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Vyborg Pt2

This is the second part of the post about Vyborg, a city in Russia I visited this summer.

The thing that impressed me the most in Vyborg was the Tower of St Olaf; built in the 13th century, it is the one remaining tower of Vyborg Castle, a symbol and an architectural landmark of the city of Vyborg.

The fortress was conceived by Torkel Knutsson, the Lord High Constable of Sweden, who led in the 1290s a crusade to Karelia, the Third Finnish Crusade, which was actually aimed against the Russian state of Novgorod. He chose the location of the new fortress to command the Bay of Vyborg, which was a trading site already used by locals. From the bay, a river leads inland, ultimately connecting the place to several districts, lakes, and indirectly also to rivers going to Lake Ladoga.By request of Torkel Knutsson the main fortress tower was constructed in 1293.

The first couple of hours that I spent in Vyborg, it was pouring with rain. Not the best weather to walk in the old streets, to observe people, to sit comfortably on the bench in the beautiful park with a cup of coffee. But towards the noon, the weather changed in a blink of an eye! As you can see in the pictures, it is bright and sunny. Thank you, Vyborg, for that! What a nice way to greet your guests. 🙂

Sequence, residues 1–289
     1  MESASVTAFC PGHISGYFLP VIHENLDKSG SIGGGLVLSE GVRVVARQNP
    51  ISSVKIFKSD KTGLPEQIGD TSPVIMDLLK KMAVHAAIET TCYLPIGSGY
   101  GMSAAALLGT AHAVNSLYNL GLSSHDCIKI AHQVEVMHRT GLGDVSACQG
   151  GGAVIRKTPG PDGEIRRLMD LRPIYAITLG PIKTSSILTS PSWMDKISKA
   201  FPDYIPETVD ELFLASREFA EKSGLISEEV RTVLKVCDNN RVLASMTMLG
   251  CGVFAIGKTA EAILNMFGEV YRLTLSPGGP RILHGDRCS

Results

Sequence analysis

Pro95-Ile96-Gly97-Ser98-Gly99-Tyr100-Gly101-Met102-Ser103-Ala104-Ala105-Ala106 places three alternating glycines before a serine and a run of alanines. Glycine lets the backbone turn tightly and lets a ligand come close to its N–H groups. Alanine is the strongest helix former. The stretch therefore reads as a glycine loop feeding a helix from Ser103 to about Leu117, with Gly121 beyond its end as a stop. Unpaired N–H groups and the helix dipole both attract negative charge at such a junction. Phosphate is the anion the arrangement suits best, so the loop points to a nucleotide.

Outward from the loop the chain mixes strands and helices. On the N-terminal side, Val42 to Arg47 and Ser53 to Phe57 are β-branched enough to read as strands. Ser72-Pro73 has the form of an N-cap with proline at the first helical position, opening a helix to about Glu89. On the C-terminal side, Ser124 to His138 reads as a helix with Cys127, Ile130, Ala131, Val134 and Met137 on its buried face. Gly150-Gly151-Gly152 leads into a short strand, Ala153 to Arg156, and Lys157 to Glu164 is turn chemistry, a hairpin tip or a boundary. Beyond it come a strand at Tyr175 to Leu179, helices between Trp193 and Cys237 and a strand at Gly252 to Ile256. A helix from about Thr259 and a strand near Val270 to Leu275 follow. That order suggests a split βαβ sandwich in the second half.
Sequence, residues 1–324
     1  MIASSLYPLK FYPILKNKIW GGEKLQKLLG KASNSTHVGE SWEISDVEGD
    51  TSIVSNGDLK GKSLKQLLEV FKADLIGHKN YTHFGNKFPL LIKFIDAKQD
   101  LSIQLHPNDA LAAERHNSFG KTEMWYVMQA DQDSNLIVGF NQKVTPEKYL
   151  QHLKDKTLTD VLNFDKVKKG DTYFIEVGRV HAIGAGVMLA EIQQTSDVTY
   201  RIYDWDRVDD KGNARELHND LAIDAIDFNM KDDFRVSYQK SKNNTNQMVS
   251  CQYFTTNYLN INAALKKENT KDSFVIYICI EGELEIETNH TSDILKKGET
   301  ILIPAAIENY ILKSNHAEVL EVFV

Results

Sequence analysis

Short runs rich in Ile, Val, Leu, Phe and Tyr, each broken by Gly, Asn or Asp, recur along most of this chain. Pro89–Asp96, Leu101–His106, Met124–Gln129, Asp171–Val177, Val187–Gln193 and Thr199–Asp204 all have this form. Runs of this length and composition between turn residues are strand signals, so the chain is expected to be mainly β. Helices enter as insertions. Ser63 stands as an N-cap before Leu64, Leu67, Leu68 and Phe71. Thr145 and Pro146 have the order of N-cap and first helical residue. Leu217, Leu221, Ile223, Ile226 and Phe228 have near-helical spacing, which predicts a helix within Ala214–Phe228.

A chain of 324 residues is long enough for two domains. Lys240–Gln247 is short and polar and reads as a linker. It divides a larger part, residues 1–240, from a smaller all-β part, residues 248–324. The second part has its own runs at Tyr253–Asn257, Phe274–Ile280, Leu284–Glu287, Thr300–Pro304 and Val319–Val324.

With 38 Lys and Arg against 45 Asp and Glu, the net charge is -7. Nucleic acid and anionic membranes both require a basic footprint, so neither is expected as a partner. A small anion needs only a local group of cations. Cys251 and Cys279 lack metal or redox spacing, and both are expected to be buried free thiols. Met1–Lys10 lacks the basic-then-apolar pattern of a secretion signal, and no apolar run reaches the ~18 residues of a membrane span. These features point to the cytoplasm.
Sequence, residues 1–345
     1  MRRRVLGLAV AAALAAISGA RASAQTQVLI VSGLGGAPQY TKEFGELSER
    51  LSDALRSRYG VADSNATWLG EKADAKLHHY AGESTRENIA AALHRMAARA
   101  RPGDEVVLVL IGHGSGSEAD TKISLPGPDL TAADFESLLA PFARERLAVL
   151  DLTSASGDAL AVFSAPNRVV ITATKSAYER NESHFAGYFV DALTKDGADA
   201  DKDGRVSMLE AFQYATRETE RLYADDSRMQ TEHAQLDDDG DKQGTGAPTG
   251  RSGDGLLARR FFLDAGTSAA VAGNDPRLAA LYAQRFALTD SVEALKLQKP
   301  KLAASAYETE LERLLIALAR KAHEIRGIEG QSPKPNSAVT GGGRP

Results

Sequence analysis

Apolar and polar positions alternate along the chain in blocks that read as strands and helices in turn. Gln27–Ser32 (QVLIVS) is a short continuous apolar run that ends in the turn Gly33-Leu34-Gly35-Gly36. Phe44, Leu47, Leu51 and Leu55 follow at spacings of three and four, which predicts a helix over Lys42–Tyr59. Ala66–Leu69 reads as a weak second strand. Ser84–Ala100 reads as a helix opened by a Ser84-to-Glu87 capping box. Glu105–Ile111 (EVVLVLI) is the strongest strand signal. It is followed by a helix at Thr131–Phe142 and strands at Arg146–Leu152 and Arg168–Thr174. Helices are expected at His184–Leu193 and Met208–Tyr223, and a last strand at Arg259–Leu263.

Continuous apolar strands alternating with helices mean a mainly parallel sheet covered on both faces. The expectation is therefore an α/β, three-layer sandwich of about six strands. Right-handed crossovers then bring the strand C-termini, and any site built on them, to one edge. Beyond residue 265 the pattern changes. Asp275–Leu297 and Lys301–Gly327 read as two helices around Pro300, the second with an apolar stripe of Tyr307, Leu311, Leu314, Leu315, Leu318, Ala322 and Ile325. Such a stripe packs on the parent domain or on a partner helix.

Here are some other cities that I wrote about: MoscowOdessaSt PetersburgL.A.Magadan. Enjoy traveling!

It’s an old custom to throw coins from the top of the Tower, so you will come back. I threw an extra one for all of you.

Inside the Tower of St Olaf.

Me and my nephew in a Vyborg’s cafe. Kate doesn’t like to be photographed. 🙂

Vyborg Pt1

I’m back! 🙂 That was a tough week, but I loved it. Got so many surprises for you! But, first of all, how have you been?

So, you probably know that I love to travel and this summer I happened to visit Vyborg, a city in Russia that used to belong to Finland. It has a very rich, interesting history; and the city itself is amazing.

“The Hanseatic city lies in the boundary zone between the East Slavic/Russian and Finnish/Scandinavian worlds and has changed hands several times in history, most recently in 1944 when it was retaken by the Soviet Union from Finland during World War II.”

Centuries ago Vyborg was used as a fort. Vyborg Castle,  medieval fortress that was built in 13th century, is still in the city and remains Russia’s only fully-preserved monument of Western European medieval military architecture. Vyborg is a really beautiful city. Because it used to belong to Finland, Vyborg looks exactly like any Finn city: old, colorful houses, narrow, cozy streets, little cafes where you can warm up in a cold, rainy day, sipping hot coffee with a blueberry bagel. I spent only one day in Vyborg with my nephew Kate, but that day was really one of its kind, an unforgettable experience.

As always, it all started on the road…

Look how beautiful this is. Cones. A piece of art.

 

That’s a 13th century Vyborg’s Castle. About it and many other things I will tell you in the next post.